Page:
Rebekkah Autaubo is a tribal member of the Kiowa Tribe of Oklahoma. She is a life-long poet and a fan of Patti Smith. Rebekkah appreciates people who do not shy away from calling things out for what they are. She is a creative writing major at the Institute of American Indian Arts. However, Rebekkah plans to further her education at a different university – eventually establishing herself among other published poets. She uses her experiences as a Native American woman as an influence to tell her story through poetry and other writings. Rebekkah comes from a family of talented, devoted, and inspirational people – especially her father, who has always encouraged her writings and artistic pursuits.

Delaney Keshena

Delaney Keshena is an enrolled citizen of the Menominee Nation based in Santa Fe, New Mexico. They’re pursuing a BFA from the Institute of American Indian Arts, focusing their studies in poetry and ceramics.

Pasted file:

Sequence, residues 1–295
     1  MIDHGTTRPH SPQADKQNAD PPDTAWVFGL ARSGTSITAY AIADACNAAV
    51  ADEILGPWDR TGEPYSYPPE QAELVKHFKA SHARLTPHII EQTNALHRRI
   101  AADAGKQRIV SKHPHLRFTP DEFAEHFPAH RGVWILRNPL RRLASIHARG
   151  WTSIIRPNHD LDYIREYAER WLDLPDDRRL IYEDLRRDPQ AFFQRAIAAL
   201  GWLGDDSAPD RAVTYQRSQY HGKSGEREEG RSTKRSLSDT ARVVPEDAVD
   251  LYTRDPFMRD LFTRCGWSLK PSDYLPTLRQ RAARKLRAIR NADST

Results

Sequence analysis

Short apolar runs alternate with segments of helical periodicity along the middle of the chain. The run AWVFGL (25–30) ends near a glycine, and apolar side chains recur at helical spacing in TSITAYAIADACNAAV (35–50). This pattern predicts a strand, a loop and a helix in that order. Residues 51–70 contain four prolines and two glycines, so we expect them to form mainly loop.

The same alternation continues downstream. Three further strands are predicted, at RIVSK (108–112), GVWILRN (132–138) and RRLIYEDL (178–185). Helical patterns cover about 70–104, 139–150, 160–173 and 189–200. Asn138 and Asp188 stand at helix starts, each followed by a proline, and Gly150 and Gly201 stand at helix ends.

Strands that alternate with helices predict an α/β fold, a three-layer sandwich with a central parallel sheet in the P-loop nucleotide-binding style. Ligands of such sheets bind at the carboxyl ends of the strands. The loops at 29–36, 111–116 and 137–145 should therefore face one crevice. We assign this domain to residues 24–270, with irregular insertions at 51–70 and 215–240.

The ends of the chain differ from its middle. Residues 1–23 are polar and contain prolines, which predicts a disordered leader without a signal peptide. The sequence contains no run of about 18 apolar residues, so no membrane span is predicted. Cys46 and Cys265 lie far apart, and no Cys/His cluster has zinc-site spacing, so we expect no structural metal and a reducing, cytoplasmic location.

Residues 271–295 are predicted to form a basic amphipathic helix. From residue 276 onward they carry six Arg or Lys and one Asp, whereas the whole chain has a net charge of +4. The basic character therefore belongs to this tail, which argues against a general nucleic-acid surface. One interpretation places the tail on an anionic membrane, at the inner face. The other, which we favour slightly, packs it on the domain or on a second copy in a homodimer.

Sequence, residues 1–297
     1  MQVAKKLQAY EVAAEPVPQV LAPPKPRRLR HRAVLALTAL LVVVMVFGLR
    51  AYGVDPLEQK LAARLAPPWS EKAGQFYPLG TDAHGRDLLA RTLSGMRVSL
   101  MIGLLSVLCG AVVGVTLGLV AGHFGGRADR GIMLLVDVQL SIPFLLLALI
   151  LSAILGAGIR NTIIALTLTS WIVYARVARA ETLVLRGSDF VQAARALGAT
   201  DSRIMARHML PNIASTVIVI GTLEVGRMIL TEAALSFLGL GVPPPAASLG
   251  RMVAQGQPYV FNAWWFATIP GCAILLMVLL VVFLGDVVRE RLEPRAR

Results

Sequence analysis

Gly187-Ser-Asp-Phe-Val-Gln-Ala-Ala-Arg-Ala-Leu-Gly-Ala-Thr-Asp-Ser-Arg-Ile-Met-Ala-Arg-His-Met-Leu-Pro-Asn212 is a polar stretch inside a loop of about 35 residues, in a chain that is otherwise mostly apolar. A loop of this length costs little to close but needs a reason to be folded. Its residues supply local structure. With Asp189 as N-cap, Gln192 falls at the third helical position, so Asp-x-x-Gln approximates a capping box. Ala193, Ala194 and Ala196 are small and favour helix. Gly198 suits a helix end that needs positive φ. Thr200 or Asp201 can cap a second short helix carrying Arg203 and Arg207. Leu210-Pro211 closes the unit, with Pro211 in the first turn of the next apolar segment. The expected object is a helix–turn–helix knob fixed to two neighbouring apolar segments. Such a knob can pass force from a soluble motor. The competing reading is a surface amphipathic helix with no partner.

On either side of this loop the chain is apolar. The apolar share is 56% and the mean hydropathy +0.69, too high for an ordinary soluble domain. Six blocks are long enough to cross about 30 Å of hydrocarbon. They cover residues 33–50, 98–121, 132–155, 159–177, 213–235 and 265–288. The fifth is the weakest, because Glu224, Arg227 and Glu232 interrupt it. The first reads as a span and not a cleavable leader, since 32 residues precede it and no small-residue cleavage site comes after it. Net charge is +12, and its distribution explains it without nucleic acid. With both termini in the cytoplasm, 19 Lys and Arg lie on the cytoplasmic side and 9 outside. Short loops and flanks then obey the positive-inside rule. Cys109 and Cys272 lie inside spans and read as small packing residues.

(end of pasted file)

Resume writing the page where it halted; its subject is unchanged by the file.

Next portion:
Nika Feldman

Nika Feldman is an interdisciplinary textile artist currently completing a degree in Indigenous Liberal Studies at IAIA. Feldman was born and grew up in the Northeast as a dual citizen between the US and Canada on the unceded territory of the Piquawket and the Mi’kmaq. As a descendant of both a settler-colonial population and an immigrant population, Feldman’s maternal ancestry consists of French, English, Scottish, and Irish, while her paternal ancestry is that of Eastern European Jews. However, more pertinent to the forming of Feldman’s identity was her immediate parental influences incorporating artistic ways of being and anti-establishment ideology.

Fidel Estevanio Frank